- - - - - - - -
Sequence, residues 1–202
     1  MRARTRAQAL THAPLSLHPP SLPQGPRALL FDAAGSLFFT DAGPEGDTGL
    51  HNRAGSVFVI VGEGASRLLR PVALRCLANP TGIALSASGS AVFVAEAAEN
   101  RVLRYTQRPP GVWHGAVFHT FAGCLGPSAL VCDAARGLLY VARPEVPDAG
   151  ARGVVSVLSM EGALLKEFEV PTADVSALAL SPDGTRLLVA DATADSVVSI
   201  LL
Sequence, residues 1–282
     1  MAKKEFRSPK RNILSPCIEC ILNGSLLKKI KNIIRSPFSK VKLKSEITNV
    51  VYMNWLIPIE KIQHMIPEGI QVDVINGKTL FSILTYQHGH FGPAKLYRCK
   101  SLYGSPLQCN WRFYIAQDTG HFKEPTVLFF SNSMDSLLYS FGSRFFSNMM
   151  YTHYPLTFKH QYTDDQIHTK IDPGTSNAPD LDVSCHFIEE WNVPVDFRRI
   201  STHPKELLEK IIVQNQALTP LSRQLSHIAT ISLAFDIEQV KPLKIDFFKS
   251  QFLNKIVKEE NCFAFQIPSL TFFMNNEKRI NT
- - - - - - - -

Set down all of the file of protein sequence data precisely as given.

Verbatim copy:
Sequence, residues 1–202
     1  MRARTRAQAL THAPLSLHPP SLPQGPRALL FDAAGSLFFT DAGPEGDTGL
    51  HNRAGSVFVI VGEGASRLLR PVALRCLANP TGIALSASGS AVFVAEAAEN
   101  RVLRYTQRPP GVWHGAVFHT FAGCLGPSAL VCDAARGLLY VARPEVPDAG
   151  ARGVVSVLSM EGALLKEFEV PTADVSALAL SPDGTRLLVA DATADSVVSI
   201  LL
Sequence, residues 1–282
     1  MAKKEFRSPK RNILSPCIEC ILNGSLLKKI KNIIRSPFSK VKLKSEITNV
    51  VYMNWLIPIE KIQHMIPEGI QVDVINGKTL FSILTYQHGH FGPAKLYRCK
   101  SLYGSPLQCN WRFYIAQDTG HFKEPTVLFF SNSMDSLLYS FGSRFFSNMM
   151  YTHYPLTFKH QYTDDQIHTK IDPGTSNAPD LDVSCHFIEE WNVPVDFRRI
   201  STHPKELLEK IIVQNQALTP LSRQLSHIAT ISLAFDIEQV KPLKIDFFKS
   251  QFLNKIVKEE NCFAFQIPSL TFFMNNEKRI NT